Police station: [PAGETITLE]

Dog Attack!

It has been thousands of years since mankind has had to fear for its collective safety from animal attack, if ever. In today's urban society, threat of animal attack has been all but snuffed out; except for dogs which, in spite of a vast majority of those gentle and domesticated, continue to be a not insignificant albeit infrequent animal threat to urban dwellers.

Most dogs are pleasant animals, deserving of the name: man's best friend. Of all the animals, they are the original domitae naturae and are now mansuetae naturae, presumed gentle. For more wild human law terms associated with animals and the law, see Duhaime's Animal Law Dictionary.

Animal attacks are rare. Most people will go through an entire life without ever having experienced one. The following advice is for the other "half" which will come face to face with a growling dog, teeth bared and low growl announcing nothing friendly. Every local newspaper has a thick archive on dog attacks - see Canine Ferae Naturae: The Statutory Elimination of Naturally Fierce Dogs.

This information is per-emptive, pre-attack, for those rare but terrifying moments when a dog is triggered back to a primitive time, when it was a wild animal - and attack does occur or appears imminent.

Pit bulls are often referred to in newspaper stories of dog attacks, many on children, but they are not the only breed to keep an eye on. Angry DogWhile most dogs are not aggressive but even properly trained domestic pets can attack given the right circumstances. Old dogs may become grouchy, bitches may be defensive about their litter, and some breeds are more inclined to be territorially defensive. Other dogs just do not fancy strangers and others might snap if subject to rough handling or play they are not accustomed to. To this list should be added the many dogs which belong to irresponsible owners who neglect to provide their dogs attention, affection or training or owners who intentionally encourage aggressiveness in their pets for reasons of personal protection.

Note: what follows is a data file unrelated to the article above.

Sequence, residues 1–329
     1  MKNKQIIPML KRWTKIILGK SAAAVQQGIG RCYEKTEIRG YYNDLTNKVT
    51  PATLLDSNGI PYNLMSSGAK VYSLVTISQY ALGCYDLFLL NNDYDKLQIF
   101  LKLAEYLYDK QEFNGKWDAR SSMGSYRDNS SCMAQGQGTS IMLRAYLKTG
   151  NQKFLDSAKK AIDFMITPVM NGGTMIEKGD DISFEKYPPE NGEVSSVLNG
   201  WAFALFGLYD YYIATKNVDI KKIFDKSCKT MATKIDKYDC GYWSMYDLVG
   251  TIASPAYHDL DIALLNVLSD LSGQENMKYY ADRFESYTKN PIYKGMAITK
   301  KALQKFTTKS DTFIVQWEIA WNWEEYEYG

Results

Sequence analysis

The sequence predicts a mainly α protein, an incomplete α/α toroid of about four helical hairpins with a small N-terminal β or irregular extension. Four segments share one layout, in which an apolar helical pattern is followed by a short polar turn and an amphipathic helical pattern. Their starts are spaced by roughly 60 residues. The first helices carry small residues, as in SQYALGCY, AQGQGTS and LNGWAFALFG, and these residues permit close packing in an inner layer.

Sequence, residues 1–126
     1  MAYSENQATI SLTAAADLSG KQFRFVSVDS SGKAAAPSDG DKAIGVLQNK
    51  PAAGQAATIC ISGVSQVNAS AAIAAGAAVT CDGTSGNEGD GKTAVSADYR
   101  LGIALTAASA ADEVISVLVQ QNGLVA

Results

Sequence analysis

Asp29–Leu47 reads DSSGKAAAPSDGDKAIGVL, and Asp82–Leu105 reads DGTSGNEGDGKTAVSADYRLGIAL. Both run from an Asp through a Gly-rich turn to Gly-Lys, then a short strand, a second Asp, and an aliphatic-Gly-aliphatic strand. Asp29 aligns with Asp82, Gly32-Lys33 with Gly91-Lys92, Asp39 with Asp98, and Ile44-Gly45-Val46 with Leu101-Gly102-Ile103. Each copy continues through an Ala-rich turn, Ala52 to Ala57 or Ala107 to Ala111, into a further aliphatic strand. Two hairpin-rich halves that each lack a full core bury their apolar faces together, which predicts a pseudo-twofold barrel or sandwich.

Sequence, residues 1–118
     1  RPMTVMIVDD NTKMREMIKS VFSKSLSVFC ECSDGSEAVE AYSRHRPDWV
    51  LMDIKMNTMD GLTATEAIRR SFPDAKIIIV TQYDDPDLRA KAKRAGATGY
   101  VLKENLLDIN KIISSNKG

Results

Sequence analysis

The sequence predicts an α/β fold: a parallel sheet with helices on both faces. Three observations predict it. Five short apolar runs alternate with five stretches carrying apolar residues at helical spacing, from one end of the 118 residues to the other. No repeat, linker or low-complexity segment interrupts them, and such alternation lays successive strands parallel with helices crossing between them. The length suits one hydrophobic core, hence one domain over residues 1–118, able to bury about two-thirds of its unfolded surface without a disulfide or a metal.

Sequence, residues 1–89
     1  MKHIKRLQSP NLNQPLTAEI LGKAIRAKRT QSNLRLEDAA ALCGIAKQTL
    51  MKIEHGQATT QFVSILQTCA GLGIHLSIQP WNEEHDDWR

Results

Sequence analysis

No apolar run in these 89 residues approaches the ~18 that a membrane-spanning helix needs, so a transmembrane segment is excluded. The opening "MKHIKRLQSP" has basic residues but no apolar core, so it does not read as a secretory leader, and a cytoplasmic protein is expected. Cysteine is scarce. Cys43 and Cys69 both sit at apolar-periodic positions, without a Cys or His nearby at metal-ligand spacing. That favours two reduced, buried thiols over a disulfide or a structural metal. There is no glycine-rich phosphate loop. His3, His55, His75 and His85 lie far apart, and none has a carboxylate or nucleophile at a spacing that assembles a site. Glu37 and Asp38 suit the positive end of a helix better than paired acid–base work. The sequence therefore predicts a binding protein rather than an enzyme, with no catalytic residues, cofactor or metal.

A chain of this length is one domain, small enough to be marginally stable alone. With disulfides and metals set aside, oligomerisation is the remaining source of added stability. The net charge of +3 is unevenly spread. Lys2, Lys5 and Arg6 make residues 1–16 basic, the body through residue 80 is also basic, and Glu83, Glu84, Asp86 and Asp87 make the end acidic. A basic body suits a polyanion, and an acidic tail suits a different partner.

All dog owners should take precautions to ensure that their dog is not a threat to others. In almost all countries, you can be subject to criminal and civil liability for attacks of your animal. While some places require prior knowledge of the animal's viciousness before making you liable for these attacks, others make you automatically liable, whether you knew your animal to be vicious or not.

The most important advice ever in regards to dog attack involves the moment of encounter. While there are unavoidable attacks with a dog hell bent on attack because of a medical condition or some unknown and apparently overwhelming provocation, many encounters with a dog in all appearance preparing for an attack, can be stood down by calm and patience, assertive but soft talk to the dog, especially with an owner on the ready to reel in his dog or to speak to the dog to indicate that there is no danger. In these very frequent situations, the taking of any fight position by the human can be interpreted by the dog as "game on".

The best overall societal remedy against dog aggression on humans is responsible training on the parts of all dog owners, especially those of aggressive breeds, failing which the state, province or city has, in some places, taken action to eliminate the frequent offenders out and out, dog-ocide. Again, see Canine Ferae Naturae: The Statutory Elimination of Naturally Fierce Dogs. The most serious problem a dog can develop is to show aggression. Here are some tips for dog owners:

  • Obedience training is essential in preventing aggression in dogs. If your dog shows signs of uncontrollable or sudden anger, consult with your vet or a dog trainer without delay.
  • If your dog is aggressive towards you, try commanding the dog to lie down right away and then give it a stern verbal correction.
  • Aggression towards visitors is common enough for dogs who merely want to protect its home or "pack" (which includes it's owners). If a dog was rarely handled as a puppy, the dog may not know that a tall stranger bending over and towards it with an open hand means to caress. Owners of such dogs should gradually introduce strangers to the dog and reward good behavior. A stranger is less threatening if sitting down.
  • Do not let your dog run free in the neighborhood. Even if your dog is as friendly as Lassie, a stranger does not know this and is seriously inconvenienced by a large, free dog in his or her path. The irresponsibility of owners who let their dog stray is compounded when children or joggers suddenly collide with a strange dog. A startled stranger may frighten even a passive dog into an aggressive response. The dog starts to mark a territory on which he runs free and introduces to it all kinds of subtle canine ferae naturae provocations.
  • Children should be taught to not approach or attempt to pet strange dogs.

As there will never likely be a law which can effectively prohibit idiots from owning dogs, dog attacks can and will happen. Here's some tips to protect yourself:

  • Avoid eye contact with an aggressive dog.
  • If you are jogging, stop jogging and walk by the dog, avoiding eye contact and sudden movement.
  • Avoid the temptation to rebuke the owner of an aggressive dog for allowing their menacing and unleashed dog to remain in your direct path. Aggressive dogs are often a reflection of their owner's character. If you notice the aggressive dog unleashed again, contact the police with a good description of the dog, the owner and time of day. Try to remember the dog's name if it was called during your presence.